Links for 15 October 2009 through 19 October 2009

Stilgherrian’s links for 15 October 2009 through 19 October 2009, gathered with bile and soaked in vinegar:

  • 50 Years of Space Exploration | Flickr: A brilliant infographic summarising interplanetary exploration. In an excellent demonstration of Chaos, the landing on asteroid 443 Eros is accidentally tagged as “443 Eris”. All hail Discordia!
  • They Shoot Porn Stars Don’t They: Susannah Breslin’s fascinating and somewhat challenging feature article on the recession-hit US porn industry.
  • ISP in file-sharing wi-fi theft | BBC News: UK ISP TalkTalk staged a wireless stunt, illustrating why it thinks Lord Mandelson’s plans to disconnect illegal file sharers is “naive”. It’s easy to blame others just by hacking WiFi connections.
  • Prince Philip tussles with technology | ABC News: This story is a few days old, however I found it curious that a perfectly good story about the design of technology was tagged as “offbeat” and the teaser written to make Prince Phillip look like a silly old man.
  • NPR News Staff Social Media Policy: Another example of a good corporate social media policy. There’s plenty of these policies around now, so there’s no excuse for any big organisation not to have caught up.
  • Federal Court of Australia Judgements: Some judgements have been recorded on video. “The Court is keen to continue to improve public access with the use of live streaming video/audio. Further live and archived broadcasts of judgement summaries are posted on this page as they become available.”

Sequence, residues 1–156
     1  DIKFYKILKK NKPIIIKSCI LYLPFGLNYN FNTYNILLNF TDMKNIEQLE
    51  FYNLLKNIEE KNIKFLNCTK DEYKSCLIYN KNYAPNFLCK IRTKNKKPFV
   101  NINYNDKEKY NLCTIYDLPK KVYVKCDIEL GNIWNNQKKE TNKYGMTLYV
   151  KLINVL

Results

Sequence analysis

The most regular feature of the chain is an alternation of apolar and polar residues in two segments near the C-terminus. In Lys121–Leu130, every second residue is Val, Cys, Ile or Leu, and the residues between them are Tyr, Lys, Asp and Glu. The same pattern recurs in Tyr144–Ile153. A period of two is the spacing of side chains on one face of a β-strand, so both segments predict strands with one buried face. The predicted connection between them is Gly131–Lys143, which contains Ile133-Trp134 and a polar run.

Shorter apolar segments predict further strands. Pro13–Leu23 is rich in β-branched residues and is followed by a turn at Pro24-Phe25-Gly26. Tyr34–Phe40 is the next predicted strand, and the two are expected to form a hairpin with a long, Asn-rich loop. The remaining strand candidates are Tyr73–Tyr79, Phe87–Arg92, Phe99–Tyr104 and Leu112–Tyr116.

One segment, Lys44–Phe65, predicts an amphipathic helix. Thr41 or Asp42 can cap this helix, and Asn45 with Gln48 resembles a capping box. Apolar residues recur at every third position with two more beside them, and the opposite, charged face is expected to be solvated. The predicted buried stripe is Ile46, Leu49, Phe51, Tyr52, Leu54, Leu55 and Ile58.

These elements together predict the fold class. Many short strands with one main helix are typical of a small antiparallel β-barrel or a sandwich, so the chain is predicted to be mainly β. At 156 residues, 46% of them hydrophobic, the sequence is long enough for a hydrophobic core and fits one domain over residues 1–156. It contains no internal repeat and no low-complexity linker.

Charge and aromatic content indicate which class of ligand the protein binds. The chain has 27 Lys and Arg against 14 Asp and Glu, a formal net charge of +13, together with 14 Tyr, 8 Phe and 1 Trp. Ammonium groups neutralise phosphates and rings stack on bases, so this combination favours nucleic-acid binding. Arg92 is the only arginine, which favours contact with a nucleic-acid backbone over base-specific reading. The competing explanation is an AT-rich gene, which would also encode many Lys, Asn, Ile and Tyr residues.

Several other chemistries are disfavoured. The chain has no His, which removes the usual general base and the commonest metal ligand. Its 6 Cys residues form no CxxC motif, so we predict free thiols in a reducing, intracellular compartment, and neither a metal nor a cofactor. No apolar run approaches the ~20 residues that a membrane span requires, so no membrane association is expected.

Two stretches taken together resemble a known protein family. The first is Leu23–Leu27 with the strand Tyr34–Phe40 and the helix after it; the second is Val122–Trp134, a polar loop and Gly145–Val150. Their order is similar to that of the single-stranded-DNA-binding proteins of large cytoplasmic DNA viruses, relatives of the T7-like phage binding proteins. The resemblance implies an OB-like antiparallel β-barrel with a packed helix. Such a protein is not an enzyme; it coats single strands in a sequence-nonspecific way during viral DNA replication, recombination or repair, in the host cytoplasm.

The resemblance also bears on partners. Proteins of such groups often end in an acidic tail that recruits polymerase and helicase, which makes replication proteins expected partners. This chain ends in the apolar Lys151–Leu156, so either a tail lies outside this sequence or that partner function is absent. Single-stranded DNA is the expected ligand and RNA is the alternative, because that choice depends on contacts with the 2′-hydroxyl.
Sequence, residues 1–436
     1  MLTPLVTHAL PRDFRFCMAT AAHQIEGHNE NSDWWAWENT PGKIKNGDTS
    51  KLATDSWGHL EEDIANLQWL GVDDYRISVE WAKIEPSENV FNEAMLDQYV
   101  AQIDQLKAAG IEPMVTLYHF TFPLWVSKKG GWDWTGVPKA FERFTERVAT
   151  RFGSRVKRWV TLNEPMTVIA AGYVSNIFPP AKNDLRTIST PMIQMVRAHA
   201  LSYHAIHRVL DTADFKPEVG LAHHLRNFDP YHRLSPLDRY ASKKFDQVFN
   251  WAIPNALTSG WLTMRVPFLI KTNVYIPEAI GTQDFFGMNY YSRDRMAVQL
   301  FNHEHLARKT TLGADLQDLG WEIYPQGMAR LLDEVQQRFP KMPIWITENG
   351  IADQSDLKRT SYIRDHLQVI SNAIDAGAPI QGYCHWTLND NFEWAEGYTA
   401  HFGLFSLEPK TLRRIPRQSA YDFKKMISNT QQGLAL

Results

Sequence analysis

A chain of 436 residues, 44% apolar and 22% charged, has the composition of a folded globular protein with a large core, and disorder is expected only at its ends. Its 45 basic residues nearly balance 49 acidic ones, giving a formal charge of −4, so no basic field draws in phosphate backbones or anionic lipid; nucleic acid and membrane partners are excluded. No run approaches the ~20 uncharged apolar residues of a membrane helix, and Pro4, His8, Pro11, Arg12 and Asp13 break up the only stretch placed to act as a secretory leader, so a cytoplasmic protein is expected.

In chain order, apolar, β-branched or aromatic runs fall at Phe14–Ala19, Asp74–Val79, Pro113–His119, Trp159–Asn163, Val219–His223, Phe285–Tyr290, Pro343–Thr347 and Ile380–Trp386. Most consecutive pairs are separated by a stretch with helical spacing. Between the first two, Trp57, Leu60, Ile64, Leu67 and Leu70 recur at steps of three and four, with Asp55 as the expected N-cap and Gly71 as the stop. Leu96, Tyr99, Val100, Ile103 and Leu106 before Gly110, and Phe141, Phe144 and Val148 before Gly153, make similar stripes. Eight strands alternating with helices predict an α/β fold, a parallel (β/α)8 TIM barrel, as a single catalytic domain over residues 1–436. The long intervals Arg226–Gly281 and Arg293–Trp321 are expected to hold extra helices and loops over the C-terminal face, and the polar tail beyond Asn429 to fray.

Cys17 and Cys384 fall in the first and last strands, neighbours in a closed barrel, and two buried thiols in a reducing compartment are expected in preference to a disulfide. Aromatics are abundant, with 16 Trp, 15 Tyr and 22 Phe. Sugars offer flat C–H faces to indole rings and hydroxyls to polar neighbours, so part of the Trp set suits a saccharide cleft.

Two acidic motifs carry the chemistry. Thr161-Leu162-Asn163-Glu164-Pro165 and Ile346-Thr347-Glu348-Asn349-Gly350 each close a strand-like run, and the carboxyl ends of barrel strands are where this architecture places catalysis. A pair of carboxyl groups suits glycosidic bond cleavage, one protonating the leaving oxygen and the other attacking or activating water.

• Televised Patel trial an Australian first | ABC News: The trial of Dr Jayent Patel for manslaughter to be held in a Brisbane court will be shown in Bundaberg, where the deaths happened, via closed-circuit TV. Given this “local interest”, one wonders why it couldn’t also be available anywhere there were interested parties.
  • Vivian Maier – Her Discovered Work: Maier was a Chicago street photographer from the 1950s to 1970s who died earlier this year. Some 40,000 negatives have been found, and they’e now being blogged.
  • 100 years of Big Content fearing technology — in its own words | Ars Technica: Copyright-holders have objected to pretty much every advance in media technology, it seems.
  • Mac Sales Spike When A New Version Of Windows Comes Out | Business Insider: A curious interpretation of the figures, but they reckon that when Microsoft releases a new version of Windows it drives people to buy Macs instead.
  • The Federal Trade Commission’s Coming War on Bloggers | Valleywag: While I normally don’t read Valleyway, I caught someone mentioning this article and was caught by one useful new term: conceptual gerrymandering. If the US FTC wants to give tax breaks to “news organisations” they’ll have to define what they are. Could it be old journalists versus bloggers battle writ large?

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